Article from Maui News
APR 1, 2017
A general map showing possible uses of now fallow sugar fields — including areas for possible biodiesel-producing tree orchards, coffee and cacao crops and livestock-irrigated pastures — was projected on a screen as the former general manager of Hawaiian Commercial & Sugar Co. gave a presentation at the Maui Energy Conference last week.
Rick Volner, who has transitioned to general manager of diversified agriculture for Alexander & Baldwin, told the audience March 22 that agricultural land use is decreasing statewide. Some of the land has given way to development and other areas have sat fallow for so long it is difficult to reutilize.
However, for old HC&S lands, “We feel we have the significant opportunity to alter that landscape,” said Volner, the last general manager of the last sugar plantation in the state, which shut down in December. “Our lands are uniquely positioned to succeed in diversified agriculture.”
“It’s very difficult, almost impossible, to find the type of contiguous lands we have access to here in the central valley of Maui,” Volner said. “We have existing water infrastructure. We’re close to cargo ports, whether it’s by sea or by air. And we have a very strong labor base, a labor base that previously worked these fields and is basically sitting idle at this point.”
But even with all of the advantages, there are “significant challenges,” he said. Though he did not specifically cite the challenges, HC&S had faced community opposition in recent years for its cane burning, use of pesticides and other farming practices.
A&B also is facing a challenge from taro farmers and Native Hawaiian practitioners over its long-held diversions of water from East Maui. The state Board of Land and Natural Resources currently is considering a 30-year lease for the continuation of the more than 100-year-old diversions through tunnels, siphons and ditches to fields in Upcountry and Central Maui. The Commission on Water Resource Management currently is establishing stream-flow standards for diverted streams.
A&B is seeking 115 million gallons a day for its diversified agriculture plans in its lease request.
The slide shown behind Volner gave a general idea of A&B’s plans for the 36,000 acres of old sugar cane land. The map was not very specific but did offer some landmarks, such as towns and Kahului Airport.
An area in north Kihei/Maalaea has been designated for pongamia orchards. According to the BioEnergy Plantations Australia website, the plant, also known as millettia pinnata, is a leguminous tree, native to northern Australia. The oils extracted from the tree can be used as biodiesel.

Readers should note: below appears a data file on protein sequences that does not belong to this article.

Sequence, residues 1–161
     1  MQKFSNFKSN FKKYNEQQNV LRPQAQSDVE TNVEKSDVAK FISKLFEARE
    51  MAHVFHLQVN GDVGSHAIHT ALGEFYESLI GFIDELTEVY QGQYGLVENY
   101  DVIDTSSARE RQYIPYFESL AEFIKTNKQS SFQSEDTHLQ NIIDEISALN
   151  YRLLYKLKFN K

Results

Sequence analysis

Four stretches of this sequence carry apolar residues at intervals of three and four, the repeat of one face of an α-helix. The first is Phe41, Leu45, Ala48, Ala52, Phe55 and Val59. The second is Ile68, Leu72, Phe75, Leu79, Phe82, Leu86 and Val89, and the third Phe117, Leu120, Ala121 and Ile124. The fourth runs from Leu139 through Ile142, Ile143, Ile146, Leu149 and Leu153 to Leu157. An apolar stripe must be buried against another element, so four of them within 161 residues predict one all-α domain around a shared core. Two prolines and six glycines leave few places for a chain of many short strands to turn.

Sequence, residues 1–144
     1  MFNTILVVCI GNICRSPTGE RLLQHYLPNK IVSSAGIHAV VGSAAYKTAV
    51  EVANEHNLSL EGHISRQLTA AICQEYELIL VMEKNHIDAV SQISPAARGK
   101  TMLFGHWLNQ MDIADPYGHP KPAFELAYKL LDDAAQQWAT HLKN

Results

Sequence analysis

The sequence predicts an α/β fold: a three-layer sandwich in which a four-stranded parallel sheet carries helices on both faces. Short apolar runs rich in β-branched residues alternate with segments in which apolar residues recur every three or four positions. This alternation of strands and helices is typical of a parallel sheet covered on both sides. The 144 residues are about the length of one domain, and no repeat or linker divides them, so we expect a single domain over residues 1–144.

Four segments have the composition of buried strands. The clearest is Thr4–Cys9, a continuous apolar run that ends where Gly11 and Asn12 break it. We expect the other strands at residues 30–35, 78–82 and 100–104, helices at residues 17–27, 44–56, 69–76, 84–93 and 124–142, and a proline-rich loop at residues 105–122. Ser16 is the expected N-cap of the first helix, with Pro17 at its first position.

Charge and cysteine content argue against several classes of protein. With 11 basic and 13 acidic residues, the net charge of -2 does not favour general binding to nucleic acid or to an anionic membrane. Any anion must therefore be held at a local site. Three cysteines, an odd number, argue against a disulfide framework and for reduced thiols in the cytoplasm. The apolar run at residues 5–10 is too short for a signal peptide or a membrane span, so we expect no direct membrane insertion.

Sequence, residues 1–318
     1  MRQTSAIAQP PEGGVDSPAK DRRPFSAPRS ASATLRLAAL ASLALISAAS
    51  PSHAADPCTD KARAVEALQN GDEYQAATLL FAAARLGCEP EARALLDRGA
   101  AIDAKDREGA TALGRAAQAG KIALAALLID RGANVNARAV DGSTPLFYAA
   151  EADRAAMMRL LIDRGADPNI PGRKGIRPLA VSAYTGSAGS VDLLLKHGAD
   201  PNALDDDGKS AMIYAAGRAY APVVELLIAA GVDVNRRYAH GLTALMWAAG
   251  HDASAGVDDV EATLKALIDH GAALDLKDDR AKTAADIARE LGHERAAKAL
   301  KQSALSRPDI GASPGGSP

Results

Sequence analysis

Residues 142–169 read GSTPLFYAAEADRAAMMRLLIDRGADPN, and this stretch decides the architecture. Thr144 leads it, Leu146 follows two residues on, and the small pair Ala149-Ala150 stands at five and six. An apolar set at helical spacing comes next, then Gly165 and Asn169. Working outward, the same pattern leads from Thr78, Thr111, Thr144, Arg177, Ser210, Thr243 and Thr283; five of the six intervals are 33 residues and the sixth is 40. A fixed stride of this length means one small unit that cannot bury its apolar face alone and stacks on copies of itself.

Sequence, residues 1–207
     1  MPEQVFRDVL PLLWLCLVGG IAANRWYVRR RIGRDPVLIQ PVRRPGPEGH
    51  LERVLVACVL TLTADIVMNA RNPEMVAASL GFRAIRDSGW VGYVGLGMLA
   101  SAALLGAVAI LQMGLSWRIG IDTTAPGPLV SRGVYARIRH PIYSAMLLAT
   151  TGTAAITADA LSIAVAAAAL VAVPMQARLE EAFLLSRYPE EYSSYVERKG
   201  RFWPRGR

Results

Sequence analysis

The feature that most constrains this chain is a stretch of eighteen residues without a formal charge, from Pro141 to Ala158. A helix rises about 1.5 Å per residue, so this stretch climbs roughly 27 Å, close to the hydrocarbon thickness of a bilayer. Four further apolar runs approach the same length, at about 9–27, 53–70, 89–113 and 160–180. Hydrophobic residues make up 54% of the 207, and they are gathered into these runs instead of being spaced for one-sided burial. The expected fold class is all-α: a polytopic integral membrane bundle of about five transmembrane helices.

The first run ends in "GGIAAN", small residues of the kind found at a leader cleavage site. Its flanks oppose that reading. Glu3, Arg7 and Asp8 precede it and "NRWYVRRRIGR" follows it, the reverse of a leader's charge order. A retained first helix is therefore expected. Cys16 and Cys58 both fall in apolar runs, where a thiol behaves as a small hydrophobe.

A&B has set a plot mauka of Pukalani for coffee/cacao production. James “Kimo” Falconer, president of MauiGrown coffee, said Wednesday that his company has been in talks with A&B about lease possibilities for land in the Omaopio/Pulehu road junction area and near Haliimaile. A $13 million special purpose bond bill still alive in the state Legislature could make that expansion of MauiGrown coffee from its current 400 acres in Kaanapali to the former sugar lands a reality, Falconer said.
Biogas feedstock crops are slated for the Spreckelsville area and mechanically harvested row crops around Kahului Airport. Pasture-fed dairy operations are pegged for mauka of Pukalani.
Cattle ranching operations on irrigated and nonirrigated livestock pastures in the Hamakuapoko area, also shown on the map, have been launched, said A&B spokes-man Darren Pai. In December, A&B said cattle-grazing operations had been expanded to 4,000 acres. A&B has been working with Maui Cattle Co., which plans to put about 1,000 head of cattle on the pasturelands this summer.
In December, Volner also talked about an agricultural park that could total 1,000 acres or more on a site near the Kula Agricultural Park. The ag park site was on the map.
Land mauka of Haliimaile has been set aside for large diversified land leases, and orchard crops are slated near Kihei, according to the map.
Pai explained that the map “depicted potential diversified agricultural uses that were identified in our initial analysis of factors such as land characteristics and rainfall.” While some in the community have called for more specific plans from the company for its old sugar fields, Pai said that A&B has shared its plans during regulatory proceedings and at the state Capitol during “Agriculture Day.”
“We are making progress in our efforts to transition former sugar cane lands to diversified agriculture,” Pai said, noting the cattle ranching operations and expanded trials for growing and harvesting of different crops. “We expect to have more announcements in the near future.”
Volner told conference attendees that diversified agriculture will help the state reach its goals of food and fuel self-sufficiency. Gov. David Ige pledged to the International Union for Conservation of Nature World Conservation Congress in Honolulu in September that Hawaii would double its food production from 10 to 20 percent by 2030.
“We think HC&S, the central valley agricultural lands, will play a significant role in that,” said Volner.
* Lee Imada can be reached at firstname.lastname@example.org.